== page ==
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The following is a theorem from Reed & Simon's Methods of Modern Mathematical Physics, Volume I. Here, we are working in a complex Hilbert space $(\mathcal{H}, (\cdot, \cdot))$, and $\mathscr{L}(\mathcal{H})$ is the space of bounded linear operators $\mathcal{H} \to \mathcal{H}$.

Statement of theorem:

Let $A \in \mathscr{L}(\mathcal{H})$ be positive (i.e., $(x, Ax) \ge 0$, all $x \in \mathcal{H}$). Then there is a unique positive $B \in \mathscr{L}(\mathcal{H})$ such that $B^2 = A.$

The proof in the text begins as follows:

"It is sufficient to consider the case where $||A|| \le 1$. First observe that

$$||I- A|| = \operatorname{sup}_{||\phi|| = 1}|((I-A)\phi, \phi)| \le 1.$$

Next we use that fact that $\sqrt{1-z} = 1 + \sum_{k=1}^\infty c_kz^k$ converges absolutely for complex $z$ satisfying $|z| \le 1$, where the constants $c_k$ are known explicitly. This fact implies that the series $1 + \sum_{k=1}^\infty c_k(I- A)^k$ converges in norm to an operator $B$. Since the convergence is absolute, we can square the series and rearrange terms, which proves that $B^2 = A \dots$

I am able to verify most of the statements in this passage. However:

My question is, how does one successfully work out the calculation for squaring the series?

I have been trying for awhile to do the formal multiplication $$(1 + c_1(I - A) + c_2(I-A)^2 + \cdots )(1 + c_1(I - A) + c_2(I-A)^2 + \cdots ),$$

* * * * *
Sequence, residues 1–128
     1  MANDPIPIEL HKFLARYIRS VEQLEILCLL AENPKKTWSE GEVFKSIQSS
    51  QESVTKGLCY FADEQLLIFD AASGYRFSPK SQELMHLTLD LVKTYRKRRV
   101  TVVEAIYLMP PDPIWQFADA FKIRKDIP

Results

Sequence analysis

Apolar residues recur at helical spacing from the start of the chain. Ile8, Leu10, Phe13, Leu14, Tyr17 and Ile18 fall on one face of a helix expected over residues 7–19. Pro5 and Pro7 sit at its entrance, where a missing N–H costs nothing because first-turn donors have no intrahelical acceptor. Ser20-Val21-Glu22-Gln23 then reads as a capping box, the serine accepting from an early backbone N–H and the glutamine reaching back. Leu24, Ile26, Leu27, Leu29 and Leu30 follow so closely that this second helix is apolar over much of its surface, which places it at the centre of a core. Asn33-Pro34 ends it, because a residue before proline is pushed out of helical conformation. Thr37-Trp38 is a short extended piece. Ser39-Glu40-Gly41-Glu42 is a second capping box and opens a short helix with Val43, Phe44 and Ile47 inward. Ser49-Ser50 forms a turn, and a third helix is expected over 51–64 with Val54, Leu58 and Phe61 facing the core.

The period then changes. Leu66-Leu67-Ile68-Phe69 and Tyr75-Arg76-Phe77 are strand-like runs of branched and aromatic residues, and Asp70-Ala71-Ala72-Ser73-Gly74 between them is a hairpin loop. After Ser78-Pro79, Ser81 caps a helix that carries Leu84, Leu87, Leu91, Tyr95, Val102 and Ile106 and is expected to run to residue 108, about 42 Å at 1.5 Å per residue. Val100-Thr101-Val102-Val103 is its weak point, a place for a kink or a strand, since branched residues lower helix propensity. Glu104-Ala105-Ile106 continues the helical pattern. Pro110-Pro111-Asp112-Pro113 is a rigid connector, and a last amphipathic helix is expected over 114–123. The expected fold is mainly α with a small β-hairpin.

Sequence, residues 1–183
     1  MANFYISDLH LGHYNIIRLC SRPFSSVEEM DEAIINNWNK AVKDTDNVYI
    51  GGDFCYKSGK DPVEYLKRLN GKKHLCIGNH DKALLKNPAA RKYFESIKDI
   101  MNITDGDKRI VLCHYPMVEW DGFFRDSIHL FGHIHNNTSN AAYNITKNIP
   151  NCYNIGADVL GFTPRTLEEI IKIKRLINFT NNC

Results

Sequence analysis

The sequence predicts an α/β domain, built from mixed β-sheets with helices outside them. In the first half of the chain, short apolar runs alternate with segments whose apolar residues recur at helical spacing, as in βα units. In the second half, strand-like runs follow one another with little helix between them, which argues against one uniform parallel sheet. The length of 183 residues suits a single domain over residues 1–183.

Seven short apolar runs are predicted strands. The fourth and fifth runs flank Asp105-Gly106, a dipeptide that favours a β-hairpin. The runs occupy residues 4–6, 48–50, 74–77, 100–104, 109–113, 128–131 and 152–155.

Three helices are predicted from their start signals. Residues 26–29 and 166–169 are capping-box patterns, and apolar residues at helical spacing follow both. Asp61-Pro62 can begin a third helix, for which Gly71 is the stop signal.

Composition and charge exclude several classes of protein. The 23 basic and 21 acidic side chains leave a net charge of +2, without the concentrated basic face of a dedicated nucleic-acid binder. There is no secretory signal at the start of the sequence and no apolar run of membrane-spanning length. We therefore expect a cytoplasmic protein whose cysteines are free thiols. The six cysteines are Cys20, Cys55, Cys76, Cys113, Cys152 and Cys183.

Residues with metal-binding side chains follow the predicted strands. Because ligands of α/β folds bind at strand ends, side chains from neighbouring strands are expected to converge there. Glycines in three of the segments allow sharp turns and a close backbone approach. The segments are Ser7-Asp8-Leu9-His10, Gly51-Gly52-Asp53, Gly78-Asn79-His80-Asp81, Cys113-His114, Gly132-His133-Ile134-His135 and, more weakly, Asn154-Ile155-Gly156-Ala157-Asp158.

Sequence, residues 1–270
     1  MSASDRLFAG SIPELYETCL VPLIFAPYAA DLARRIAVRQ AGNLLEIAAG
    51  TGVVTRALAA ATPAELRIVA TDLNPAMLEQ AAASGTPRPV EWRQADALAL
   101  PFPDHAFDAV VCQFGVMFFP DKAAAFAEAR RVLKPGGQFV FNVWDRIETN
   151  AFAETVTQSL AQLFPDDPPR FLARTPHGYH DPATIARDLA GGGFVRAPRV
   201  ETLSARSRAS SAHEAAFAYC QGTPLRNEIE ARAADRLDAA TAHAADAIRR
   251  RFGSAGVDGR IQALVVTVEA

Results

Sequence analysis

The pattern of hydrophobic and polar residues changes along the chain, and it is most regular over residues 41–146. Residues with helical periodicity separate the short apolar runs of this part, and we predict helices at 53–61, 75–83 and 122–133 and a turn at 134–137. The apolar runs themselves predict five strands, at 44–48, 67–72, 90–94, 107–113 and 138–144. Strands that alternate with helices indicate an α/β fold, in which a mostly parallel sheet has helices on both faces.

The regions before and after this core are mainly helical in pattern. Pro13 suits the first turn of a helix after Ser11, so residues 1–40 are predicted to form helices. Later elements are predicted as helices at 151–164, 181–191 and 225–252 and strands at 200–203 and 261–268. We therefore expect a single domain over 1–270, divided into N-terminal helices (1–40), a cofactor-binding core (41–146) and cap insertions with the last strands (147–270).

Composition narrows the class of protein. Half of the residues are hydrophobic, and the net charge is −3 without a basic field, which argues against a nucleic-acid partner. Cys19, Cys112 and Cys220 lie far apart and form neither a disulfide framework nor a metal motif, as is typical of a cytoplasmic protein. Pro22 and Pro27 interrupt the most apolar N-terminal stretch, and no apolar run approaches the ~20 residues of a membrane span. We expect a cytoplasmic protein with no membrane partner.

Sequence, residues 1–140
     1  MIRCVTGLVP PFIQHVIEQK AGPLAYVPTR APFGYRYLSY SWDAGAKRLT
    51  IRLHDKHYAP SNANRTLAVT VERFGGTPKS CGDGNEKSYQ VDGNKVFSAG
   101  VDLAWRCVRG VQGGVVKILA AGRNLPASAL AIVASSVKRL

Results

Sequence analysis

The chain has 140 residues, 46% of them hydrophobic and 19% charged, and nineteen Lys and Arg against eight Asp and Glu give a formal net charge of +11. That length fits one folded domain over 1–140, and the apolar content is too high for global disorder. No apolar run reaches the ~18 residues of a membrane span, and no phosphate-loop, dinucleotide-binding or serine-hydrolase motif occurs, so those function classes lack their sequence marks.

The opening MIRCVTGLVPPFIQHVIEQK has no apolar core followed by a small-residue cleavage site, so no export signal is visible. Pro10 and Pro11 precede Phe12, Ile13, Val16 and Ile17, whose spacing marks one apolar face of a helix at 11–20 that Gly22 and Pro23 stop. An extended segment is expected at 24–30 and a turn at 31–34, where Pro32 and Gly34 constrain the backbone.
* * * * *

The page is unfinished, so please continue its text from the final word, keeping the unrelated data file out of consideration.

using the fact that $0 = 1 + \sum_{k=1}^\infty c_k$. But I am just getting a bunch of messy terms. Is there a good trick to use, or an easier way to realize that $B^2 = A$?

Hints or solutions are greatly appreciated.

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From $\sqrt{1-z} = 1 + \sum_{k=1}^\infty c_kz^k$ for $|z|\leq1$, you get $$ 1-z=\left(1 + \sum_{k=1}^\infty c_kz^k\right)\,\left(1 + \sum_{k=1}^\infty c_kz^k\right) =\sum_{k,j=0}^\infty c_kc_jz^{k+j}\\ =\sum_{\ell=0}^\infty\left(\sum_{k=0}^\ell c_kc_{\ell-k}\right)\,z^\ell. $$ This shows that $c_0=1$, $c_0c_1+c_1c_0=-1$, and $\sum_{k=0}^\ell c_kc_{\ell-k}=0$ for all $\ell\geq2$.

Now, when you square $B$, the same sums between the coefficients $c_k$ arise, and so $$ B^2=I-(I-A)=A. $$

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There is more known about this special case of Newtons binomial series,

$$\sqrt{1-z}=\sum_{k=0}^\infty \binom{1/2}{k} (-z)^k$$

for $|z|<1$, and since for $k\ge 1$

$$\binom{1/2}{k}=\frac{\tfrac12(\tfrac12-1)(\tfrac12-2)...(\frac12-k+1)}{k!} =(-1)^{k-1} \frac{(2k-3)(2k-5)...3\cdot 1}{2^k k!}=\frac{(-1)^{k-1}}{4^k(2k-1)}\binom{2k}{k}$$

this is

$$\sqrt{1-z}=1-\sum_{k=1}^\infty \frac1{2k-1}\binom{2k}{k} \left(\frac z4\right)^k$$

The point is that in the first form, squaring in the sense of the Cauchy product reproduces $1-z$, and this stay true if you replace $z$ by a matrix of norm smaller $1$

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